I think it’s the historian in me, but wherever I go in London I notice the war memorials. Many Edwardian bank offices have them, a church plaque obviously, or particularly the lists of staff in railway stations. Was it because these working class men were more likely to be in the trenches, or was it sometimes because their civilian job exposed them to bomb raids?
For the survivors I wonder what it was like walking past these plaques each day. In Waterloo the memorial is dirty brass lettering screwed onto the wall of the almost grotesquely triumphant Southbank entrance; in King’s Cross it was a warm marble slab with black lettering, now rather horribly broken up into individual columns in cheap metal stands, and these are from Liverpool Street.
I find this pair particularly moving, one commemorating a man active in the Neutral States, and another his comrade who died within 2 hours of unveiling the first memorial:
Interestingly, just as the war graves commission unified the dead in France and Belgium, so a commission formed – much to the anger of local communities, who wanted to raise their own monument – to codify the British war memorials.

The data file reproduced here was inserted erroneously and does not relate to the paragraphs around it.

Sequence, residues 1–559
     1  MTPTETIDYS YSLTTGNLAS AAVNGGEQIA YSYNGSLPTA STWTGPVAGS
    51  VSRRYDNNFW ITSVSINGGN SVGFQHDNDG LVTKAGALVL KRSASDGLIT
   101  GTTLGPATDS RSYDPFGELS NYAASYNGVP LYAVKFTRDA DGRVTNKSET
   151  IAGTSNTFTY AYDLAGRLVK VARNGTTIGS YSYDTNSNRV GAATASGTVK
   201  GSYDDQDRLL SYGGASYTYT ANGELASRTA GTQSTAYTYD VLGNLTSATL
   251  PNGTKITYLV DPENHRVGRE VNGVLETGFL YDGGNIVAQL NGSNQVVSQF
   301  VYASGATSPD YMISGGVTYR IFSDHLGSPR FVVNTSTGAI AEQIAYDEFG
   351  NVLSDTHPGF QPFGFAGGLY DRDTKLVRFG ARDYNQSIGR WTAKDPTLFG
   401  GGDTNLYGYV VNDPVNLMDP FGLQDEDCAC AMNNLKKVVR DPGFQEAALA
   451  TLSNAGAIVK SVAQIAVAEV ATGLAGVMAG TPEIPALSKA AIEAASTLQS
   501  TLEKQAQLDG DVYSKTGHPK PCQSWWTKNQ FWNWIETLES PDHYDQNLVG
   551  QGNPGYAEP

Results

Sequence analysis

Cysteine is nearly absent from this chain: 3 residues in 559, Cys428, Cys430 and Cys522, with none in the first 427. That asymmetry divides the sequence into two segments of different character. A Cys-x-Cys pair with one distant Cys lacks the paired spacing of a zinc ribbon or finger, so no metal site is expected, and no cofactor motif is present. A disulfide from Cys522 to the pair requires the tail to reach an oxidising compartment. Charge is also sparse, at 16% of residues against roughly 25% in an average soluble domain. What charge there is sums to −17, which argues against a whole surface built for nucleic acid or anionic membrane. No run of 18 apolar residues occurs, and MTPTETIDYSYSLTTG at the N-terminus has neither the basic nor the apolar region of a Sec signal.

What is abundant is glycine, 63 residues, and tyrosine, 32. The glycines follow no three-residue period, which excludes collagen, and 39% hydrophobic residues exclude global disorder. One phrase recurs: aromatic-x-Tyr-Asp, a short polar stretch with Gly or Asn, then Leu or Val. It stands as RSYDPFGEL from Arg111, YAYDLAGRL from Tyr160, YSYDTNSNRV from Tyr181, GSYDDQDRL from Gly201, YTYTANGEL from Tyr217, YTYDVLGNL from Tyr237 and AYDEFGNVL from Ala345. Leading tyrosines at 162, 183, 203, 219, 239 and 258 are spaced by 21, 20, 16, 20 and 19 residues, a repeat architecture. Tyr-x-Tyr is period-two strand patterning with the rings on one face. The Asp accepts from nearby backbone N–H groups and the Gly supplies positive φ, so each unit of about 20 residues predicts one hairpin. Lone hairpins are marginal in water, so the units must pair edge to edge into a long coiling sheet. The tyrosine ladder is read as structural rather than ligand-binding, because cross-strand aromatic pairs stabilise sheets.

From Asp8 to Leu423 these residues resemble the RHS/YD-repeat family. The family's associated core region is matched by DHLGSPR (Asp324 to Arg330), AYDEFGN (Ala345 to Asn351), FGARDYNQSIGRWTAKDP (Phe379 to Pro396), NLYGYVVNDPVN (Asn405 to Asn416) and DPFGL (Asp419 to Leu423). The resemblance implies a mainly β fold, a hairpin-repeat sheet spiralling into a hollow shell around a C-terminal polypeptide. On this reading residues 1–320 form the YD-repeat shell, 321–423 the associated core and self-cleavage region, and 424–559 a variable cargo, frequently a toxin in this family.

It’s part of what makes the war memorial in a high street so recognisable, and that was a key point of implementing the single design, but you can imagine the grief and anger of a community who felt they’d had the municipal cut price option foisted on them. Again, station memorials often rebel against this, from the four Tommies in the Euston forecourt memorial to this outside Chancery Lane Tube. Can you see the difference in effort that went into these statues as compared with the typical mould?
Photos spring and autumn 2016, my own except for the Euston photo, which is a stock photo.